I do think things have changed since and many a notable Australian has made their mark on the world.
For my part, I feel extremely lucky to have been able to move to ‘The Lucky Country’ of Australia in 2001. The luck of my birth into a ‘free’ nation, the United Kingdom, allowing me freedom to choose, freedom to travel and indeed, freedom to leave, is not one afforded the vast majority of the world’s population.
I thank my Luck on a constant basis.
Image of the Day
The Lucky Country
This is a random image from my archive of a beautiful scene from the island state of Tasmania, which I have had the privilege to have visited 3 times now, and will again, no doubt.
No real playing with this one in Lightroom, it is what it is, beautiful. Just some sharpening, clarity and vibrance to enhance to beauty as I normally would with most of my images.
When it comes to genres, I am a pretty mixed bag, from pure Landscapes to Architecture, from Nature to People, from Travel to Street, I like a dabble in most. Some photographers will say you need to specialise to be truly good at something, but for now I’m not ready to box myself in, I look for a good shot in everything I see, for me it is about the interesting, or as a fellow photographer puts it “it is all about the awesome”, I love that saying and I know he would not mind others using it.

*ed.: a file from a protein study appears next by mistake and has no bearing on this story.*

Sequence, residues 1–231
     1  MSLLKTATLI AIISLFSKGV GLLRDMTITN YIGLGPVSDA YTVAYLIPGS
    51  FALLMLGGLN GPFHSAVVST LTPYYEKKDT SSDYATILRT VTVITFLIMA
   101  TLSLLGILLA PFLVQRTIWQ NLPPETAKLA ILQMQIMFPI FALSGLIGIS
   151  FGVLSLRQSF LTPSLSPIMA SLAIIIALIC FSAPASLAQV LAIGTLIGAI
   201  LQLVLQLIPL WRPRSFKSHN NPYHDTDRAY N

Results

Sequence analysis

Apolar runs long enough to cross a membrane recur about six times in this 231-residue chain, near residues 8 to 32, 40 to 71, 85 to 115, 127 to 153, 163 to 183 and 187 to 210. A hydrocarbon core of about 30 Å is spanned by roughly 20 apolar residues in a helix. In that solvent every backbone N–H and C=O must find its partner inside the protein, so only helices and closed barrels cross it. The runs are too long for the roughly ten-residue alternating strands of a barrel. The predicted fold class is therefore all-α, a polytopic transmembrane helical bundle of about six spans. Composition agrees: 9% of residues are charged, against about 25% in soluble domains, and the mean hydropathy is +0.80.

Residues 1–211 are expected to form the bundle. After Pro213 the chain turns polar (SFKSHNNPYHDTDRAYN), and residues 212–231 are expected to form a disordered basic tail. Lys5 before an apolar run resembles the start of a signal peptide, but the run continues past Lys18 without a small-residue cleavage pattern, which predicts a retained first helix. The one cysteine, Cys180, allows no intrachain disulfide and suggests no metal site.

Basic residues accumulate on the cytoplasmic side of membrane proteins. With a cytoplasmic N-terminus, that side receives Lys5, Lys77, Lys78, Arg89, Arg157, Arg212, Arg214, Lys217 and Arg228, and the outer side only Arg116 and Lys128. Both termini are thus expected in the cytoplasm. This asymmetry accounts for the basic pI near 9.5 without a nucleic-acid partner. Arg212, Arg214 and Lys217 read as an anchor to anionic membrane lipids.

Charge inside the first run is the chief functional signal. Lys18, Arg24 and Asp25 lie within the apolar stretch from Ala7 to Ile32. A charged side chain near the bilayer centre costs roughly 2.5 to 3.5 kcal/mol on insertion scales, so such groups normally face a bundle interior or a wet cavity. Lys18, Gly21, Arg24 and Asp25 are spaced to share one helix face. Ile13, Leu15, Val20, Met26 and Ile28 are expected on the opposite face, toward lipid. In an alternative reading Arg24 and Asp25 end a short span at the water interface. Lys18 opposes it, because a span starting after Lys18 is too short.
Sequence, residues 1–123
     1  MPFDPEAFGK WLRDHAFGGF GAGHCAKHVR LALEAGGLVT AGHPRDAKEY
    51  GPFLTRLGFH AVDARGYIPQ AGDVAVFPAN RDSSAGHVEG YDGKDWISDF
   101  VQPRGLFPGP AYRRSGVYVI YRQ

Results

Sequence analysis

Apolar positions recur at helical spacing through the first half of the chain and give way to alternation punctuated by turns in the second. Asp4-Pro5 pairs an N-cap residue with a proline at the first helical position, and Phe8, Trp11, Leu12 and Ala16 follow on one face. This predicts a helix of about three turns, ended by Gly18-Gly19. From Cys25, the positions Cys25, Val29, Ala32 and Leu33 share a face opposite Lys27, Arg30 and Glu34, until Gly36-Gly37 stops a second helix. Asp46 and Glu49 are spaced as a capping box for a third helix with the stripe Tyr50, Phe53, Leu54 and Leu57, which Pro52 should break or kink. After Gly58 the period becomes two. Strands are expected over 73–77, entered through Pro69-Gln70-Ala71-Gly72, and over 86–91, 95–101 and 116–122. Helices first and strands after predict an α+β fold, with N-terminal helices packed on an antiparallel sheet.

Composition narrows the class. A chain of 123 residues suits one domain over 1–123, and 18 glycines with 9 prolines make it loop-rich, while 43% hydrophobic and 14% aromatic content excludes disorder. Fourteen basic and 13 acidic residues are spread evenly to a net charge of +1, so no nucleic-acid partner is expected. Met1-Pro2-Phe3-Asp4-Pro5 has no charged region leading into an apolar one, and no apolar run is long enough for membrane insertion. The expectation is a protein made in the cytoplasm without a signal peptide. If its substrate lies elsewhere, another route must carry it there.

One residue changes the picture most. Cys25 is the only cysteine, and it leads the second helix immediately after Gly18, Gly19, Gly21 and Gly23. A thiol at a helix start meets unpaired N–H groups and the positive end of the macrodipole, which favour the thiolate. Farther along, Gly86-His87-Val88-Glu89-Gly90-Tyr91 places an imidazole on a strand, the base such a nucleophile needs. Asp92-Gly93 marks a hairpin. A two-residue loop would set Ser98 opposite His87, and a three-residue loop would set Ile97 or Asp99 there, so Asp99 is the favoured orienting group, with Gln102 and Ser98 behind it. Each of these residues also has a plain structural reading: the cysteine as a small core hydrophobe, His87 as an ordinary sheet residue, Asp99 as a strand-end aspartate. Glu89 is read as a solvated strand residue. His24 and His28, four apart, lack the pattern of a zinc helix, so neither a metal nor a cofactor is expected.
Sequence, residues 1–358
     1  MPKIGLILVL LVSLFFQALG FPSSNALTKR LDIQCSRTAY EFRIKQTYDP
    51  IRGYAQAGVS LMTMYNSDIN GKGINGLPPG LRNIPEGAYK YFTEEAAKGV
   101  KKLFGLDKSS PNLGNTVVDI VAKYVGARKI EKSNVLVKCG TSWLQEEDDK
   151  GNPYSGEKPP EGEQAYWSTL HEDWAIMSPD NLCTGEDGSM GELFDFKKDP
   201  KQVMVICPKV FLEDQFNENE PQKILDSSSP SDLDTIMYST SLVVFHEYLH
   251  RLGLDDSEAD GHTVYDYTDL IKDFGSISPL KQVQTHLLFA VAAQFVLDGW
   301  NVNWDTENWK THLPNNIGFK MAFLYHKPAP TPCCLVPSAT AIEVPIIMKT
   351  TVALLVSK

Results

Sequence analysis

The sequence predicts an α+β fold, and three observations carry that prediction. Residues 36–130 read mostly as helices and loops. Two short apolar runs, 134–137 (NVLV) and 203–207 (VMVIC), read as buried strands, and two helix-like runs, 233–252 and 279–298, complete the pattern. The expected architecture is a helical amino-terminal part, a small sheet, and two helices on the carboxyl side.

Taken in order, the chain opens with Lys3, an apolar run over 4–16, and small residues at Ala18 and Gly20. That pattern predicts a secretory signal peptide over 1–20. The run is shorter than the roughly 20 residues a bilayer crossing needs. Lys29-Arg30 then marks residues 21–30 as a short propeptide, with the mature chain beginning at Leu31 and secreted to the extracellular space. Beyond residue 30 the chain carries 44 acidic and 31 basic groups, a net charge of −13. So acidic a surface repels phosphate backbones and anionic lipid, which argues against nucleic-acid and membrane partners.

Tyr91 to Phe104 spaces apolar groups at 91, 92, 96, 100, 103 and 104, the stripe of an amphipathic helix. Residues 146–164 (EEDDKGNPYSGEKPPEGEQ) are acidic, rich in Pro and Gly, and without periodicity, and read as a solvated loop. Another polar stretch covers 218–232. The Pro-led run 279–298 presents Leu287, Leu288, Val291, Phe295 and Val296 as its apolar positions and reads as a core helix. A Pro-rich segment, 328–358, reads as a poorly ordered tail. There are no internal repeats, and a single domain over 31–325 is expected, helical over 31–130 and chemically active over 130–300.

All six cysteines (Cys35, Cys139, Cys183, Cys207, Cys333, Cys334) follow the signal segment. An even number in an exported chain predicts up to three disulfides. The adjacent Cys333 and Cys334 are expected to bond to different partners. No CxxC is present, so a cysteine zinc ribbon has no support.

You will see the mixed bag as you continue to follow my blog, but even though I enjoy many genres, a certain style is starting to develop in my edits which can be seen across my portfolio.
Examples of my work at can be found on my website:
One thing I have not yet experimented with is Macro photography, but I do like what I call close-up photography instead, using a standard prime lens and get as close as the focus will allow, which in precise lenses is pretty close and getting the shot, this works particularly well in nature shots like this one of Lavender in my garden.
The out of focus areas of an image are just as important as the in focus, if you have a pleasing background that pushed your subject to the fore you have done a good job. Even parts of subject can be out focus like in this shot, just hints of individual flowers are all that is needed to tell the story.
I have introduced some split toning into this shot, giving the highlights a golden brown feel and the shadows a hit of blue. I enjoy using split toning in Lightroom to introduce tones that are not naturally in the image but compliment them.
Back in April of 2014 I graduated with a Diploma in Professional Photography, but my learning in this field of technical and creative endeavours will never end. I make a conscious effort to learn a new thing every day.
To help me with my ongoing development, I have become a member of The Arcanum. This organisation takes the theory of Master and Apprentice and applies it to the creative arts, Photography being one of its offerings. In fact, I completed my application nearly a year ago, and had actually forgotten about it for a while, then in November I was contacted by one of the ‘Masters’ to ask if I would like to be in his cohort. Each Master has a cohort of 20 apprentices and together we form a group of like minded people ready to absorb the experience of the master and in fact from each other. The live (and honest, but respectful) critiques of your work from a technical and creative standpoint from both sides is invaluable.